By and large, we attribute the ability to maintain a slim figure to a youthful metabolism. Metabolism certainly plays a role in weight regulation, but it might frustrate you to learn that some people are simply genetically predisposed to pig out regularly and still be thin.
A new pioneering study published in the journal Cell has identified a gene called anaplastic lymphoma kinase (ALK) that may contribute to “thinness.”
“There is considerable inter-individual variability in susceptibility to weight gain despite an equally obesogenic environment in large parts of the world,” the authors wrote in the new report. “Mechanistically, we found that ALK expression in hypothalamic neurons controls energy expenditure via sympathetic control of adipose tissue lipolysis. Our genetic and mechanistic experiments identify ALK as a thinness gene, which is involved in the resistance to weight gain.”
Identification of ALK in Thinness
The authors derived their initial hypothesis from over 47,000 participants from The Republic of Estonia.
After employing genome-wide association studies that essentially compared the genetic material of thin individuals and individuals of average weight, the data revealed ALK as a recurring agent in the former.
Although the gene had hitherto been mostly associated with various forms of cancer, the researchers suspected ALK might influence energy expenditure and consequently one’s ability to maintain their weight.
To test this, the team deactivated the ALK genes in a crop of mouse models. Despite adhering to the same diet and exercise regimen as the control group, the mice with decreased ALK expression immediately became skinnier. Alk mutant mice appeared to exhibit a unique resistance to diet- and leptin-mutation-induced obesity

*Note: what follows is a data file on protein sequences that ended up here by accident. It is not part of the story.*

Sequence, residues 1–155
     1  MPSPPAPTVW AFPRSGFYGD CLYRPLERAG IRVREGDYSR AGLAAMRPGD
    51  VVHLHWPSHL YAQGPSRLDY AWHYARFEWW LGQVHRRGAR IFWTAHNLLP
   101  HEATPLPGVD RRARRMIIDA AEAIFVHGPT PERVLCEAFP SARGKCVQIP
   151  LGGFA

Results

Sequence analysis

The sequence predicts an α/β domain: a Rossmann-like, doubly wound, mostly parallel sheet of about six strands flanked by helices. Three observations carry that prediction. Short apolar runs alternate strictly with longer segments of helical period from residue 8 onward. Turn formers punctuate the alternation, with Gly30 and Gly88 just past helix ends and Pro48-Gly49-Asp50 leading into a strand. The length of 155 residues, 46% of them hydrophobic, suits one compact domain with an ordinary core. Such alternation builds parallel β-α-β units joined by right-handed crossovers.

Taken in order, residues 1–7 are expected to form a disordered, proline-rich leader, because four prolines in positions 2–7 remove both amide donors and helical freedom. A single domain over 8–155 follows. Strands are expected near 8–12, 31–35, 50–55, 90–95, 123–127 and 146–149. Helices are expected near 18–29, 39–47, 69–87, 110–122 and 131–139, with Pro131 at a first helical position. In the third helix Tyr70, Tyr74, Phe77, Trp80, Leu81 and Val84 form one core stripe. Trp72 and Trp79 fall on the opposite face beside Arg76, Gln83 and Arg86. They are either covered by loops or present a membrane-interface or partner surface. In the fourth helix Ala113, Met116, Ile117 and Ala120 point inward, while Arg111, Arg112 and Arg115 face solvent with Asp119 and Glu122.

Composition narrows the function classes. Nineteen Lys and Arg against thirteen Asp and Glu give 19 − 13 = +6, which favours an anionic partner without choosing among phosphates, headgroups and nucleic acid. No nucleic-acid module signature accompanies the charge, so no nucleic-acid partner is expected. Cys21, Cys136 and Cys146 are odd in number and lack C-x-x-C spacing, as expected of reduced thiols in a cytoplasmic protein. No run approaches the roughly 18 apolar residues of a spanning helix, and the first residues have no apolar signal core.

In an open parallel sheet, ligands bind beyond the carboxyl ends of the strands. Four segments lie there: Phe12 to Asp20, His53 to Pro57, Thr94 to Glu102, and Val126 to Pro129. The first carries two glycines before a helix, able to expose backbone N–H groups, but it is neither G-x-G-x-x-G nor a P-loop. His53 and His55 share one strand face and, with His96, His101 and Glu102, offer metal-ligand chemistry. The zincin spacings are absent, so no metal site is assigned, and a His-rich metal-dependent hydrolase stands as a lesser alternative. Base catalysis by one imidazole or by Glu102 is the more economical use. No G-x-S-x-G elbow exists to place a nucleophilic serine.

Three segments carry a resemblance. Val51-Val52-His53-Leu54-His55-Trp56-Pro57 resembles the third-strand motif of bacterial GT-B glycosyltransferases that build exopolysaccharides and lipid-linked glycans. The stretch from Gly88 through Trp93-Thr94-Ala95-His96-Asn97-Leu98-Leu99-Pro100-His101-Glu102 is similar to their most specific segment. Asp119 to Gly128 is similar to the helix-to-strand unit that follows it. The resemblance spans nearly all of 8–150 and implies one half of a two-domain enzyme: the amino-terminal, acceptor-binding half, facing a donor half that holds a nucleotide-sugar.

The experiment was successfully replicated with fruit fly models.
“By using a technique called indirect calorimetry, we could show that ALK-deficient mice exhibit increased energy expenditure. This means that they burn more calories than normal mice and explains why they remain thin even if they eat the same amount of food. In addition to that, these animals also show improved glucose tolerance,” explains first author Michael Orthofer in a media release.
These findings pose particular relevance in the cracks where a pandemic and an obesity crisis collide. Reducing mortalities related to either will likely follow a better academic understanding of the mechanics driving them alongside changes in lifestyle.
The idea that weight control may owe a great deal to biological predispositions is a powerful one. If stigmas around poor dieting dissolve it may give those who struggle with them an incentive to appreciate clinical solutions to the problem.
“This strengthens the notion that ALK is indeed part of a larger brain circuit involved in energy expenditure. We are very excited about these results on the genetics of thinness and will further investigate the mechanisms of how ALK-expressing neurons are able to control weight. Our results also highlight the important therapeutic potential of ALK inhibition,” concludes Josef Penninger, IMBA group leader and founding director & director of the Life Sciences Institute of the University of British Columbia.
CW Headley is a reporter for the Ladders and can be reached at firstname.lastname@example.org